Multistate bar exam scores drop to lowest point ever; is there a link to low-end LSAT scores?

The average score on the multistate bar exam in February 2017 dropped by another point, reaching the lowest level since the exam was first administered in 1972.

Erica Moeser, president of the National Conference of Bar Examiners, confirms that the average score was 134.1, compared to an average score of 135 in February 2016.

The decline likely portends another drop in overall bar passage rates, according to the blog Excess of Democracy, which broke the news after finding the information in statistics released by the state of Pennsylvania. Above the Law and TaxProf Blog note the blog post.

Justice Kennedy is said to be mulling retirement; will Roberts be the swing vote?

The U.S. Supreme Court’s swing voter, 80-year-old Justice Anthony M. Kennedy, is reportedly mulling retirement.

According to CNN, former law clerks and others close to Kennedy say he is privately vowing to step down in the next few years. “The centrist conservative is the court’s most vacillating, agonizing, justice,” CNN reports, “and he is likely balancing his oft-voiced sense of judicial mission with the realities of age.”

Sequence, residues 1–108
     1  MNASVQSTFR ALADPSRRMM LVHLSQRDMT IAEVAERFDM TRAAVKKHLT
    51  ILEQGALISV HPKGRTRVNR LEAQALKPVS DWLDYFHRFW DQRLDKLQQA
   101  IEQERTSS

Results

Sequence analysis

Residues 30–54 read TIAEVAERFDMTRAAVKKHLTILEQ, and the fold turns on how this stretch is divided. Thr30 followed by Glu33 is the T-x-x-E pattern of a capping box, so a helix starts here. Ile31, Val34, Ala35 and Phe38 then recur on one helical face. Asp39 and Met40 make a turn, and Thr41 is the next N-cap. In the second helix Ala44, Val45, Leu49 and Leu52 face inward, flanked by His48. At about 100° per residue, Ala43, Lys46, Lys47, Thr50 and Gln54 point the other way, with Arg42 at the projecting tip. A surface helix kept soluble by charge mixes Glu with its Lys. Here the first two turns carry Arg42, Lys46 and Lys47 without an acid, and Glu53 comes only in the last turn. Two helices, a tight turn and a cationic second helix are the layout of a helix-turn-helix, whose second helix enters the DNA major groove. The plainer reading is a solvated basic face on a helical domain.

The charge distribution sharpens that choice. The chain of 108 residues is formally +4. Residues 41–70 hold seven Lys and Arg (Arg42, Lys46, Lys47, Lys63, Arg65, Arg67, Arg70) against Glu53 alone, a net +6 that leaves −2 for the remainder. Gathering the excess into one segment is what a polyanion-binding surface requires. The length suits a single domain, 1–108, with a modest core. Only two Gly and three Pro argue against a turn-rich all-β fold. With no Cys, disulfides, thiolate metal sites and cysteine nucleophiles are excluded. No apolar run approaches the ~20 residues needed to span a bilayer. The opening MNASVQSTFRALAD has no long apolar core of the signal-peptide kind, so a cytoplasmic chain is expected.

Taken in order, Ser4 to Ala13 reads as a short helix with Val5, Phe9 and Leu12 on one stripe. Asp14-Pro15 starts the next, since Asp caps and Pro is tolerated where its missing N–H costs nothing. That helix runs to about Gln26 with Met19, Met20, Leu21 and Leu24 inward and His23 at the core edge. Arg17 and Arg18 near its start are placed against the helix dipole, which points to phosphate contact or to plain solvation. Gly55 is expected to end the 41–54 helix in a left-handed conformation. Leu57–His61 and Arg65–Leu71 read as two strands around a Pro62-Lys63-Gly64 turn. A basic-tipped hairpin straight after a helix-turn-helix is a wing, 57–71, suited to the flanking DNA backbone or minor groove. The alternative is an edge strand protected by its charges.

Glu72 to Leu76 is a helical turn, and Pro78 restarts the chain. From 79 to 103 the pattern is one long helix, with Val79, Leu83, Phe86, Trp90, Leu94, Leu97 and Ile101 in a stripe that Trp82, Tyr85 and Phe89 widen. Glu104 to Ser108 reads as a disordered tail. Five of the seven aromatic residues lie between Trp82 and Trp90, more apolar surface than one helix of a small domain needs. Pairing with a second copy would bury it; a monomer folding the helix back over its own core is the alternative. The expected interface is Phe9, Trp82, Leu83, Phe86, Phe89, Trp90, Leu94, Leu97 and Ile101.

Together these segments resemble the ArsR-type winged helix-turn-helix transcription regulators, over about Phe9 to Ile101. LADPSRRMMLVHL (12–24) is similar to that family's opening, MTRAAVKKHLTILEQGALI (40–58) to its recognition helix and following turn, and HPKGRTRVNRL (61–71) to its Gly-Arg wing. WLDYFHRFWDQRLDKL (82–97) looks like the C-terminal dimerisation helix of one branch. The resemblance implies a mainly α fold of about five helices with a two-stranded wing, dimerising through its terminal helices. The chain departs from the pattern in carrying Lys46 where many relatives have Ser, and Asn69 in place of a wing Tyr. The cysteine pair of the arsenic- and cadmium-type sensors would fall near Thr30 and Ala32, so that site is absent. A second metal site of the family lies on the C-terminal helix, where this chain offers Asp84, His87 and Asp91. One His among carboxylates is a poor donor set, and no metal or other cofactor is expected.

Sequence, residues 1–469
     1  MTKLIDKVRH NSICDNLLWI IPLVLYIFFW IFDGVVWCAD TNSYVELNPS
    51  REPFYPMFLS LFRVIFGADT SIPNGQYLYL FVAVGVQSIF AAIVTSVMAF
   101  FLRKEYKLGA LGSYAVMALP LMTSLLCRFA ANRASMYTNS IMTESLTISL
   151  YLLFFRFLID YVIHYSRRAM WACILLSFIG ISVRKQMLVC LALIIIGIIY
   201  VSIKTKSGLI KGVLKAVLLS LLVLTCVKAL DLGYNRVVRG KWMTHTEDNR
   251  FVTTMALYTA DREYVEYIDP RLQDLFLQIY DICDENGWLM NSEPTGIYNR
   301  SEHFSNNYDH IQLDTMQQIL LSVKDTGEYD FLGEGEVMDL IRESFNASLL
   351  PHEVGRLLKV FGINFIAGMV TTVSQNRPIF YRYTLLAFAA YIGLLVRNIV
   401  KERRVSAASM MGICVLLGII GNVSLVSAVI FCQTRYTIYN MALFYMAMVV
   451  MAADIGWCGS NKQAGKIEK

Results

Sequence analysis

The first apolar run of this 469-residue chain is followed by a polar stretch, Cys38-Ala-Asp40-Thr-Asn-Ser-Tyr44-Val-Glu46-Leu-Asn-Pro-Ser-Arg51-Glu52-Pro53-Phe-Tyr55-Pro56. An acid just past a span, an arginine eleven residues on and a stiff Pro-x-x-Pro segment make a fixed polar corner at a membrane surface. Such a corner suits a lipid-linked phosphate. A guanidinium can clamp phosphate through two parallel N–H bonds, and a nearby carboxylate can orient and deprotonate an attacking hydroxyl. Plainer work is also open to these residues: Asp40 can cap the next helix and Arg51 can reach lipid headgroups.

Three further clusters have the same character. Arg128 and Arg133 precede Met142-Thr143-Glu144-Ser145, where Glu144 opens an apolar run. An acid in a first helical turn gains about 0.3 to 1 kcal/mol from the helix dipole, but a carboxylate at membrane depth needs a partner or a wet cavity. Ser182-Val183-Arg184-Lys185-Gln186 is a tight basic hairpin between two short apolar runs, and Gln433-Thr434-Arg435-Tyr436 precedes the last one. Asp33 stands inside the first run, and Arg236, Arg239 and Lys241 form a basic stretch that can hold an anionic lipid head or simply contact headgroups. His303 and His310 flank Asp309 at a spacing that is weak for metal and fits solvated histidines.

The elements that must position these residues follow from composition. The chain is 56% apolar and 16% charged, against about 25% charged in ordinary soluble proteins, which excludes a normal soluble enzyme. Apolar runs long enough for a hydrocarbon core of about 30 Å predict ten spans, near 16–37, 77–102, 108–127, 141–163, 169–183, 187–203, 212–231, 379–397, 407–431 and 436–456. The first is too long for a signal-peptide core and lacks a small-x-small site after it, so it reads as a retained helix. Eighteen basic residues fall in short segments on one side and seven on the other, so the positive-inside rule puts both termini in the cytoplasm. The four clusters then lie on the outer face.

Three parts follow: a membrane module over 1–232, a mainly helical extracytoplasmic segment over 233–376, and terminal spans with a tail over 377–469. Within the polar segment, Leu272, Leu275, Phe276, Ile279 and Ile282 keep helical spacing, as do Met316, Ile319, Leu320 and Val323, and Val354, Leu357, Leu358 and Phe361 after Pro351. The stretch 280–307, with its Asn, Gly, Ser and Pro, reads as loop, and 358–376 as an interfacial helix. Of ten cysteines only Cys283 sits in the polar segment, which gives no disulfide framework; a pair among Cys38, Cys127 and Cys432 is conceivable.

If Kennedy leaves, Chief Justice John G. Roberts Jr. could be the court’s swing vote, according to a Los Angeles Times op-ed by University of California at Irvine law professor Richard Hasen. 

NY Judge's Suspected Suicide Shines Light on Silent Struggle

Austin lawyer Seana Willing remembers looking forward to her meeting with Mack Kidd, a well-regarded Texas appellate court judge who had arranged to meet with her on a Monday morning in 2005.

But Willing, the former head of the State Commission on Judicial Conduct who often met with judges who wanted to discuss ethical dilemmas, would never find out why Kidd wanted to meet. He took his own life the previous day.

“The odd thing was ... I didn’t know how he died until his ceremony,” said Willing, who considered Kidd, a justice on Austin’s Third Court of Appeals, a friend. “Then I saw all of these people speak about him and it became apparent that he had taken his own life. That shocked me to the core.”


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April 13 Digest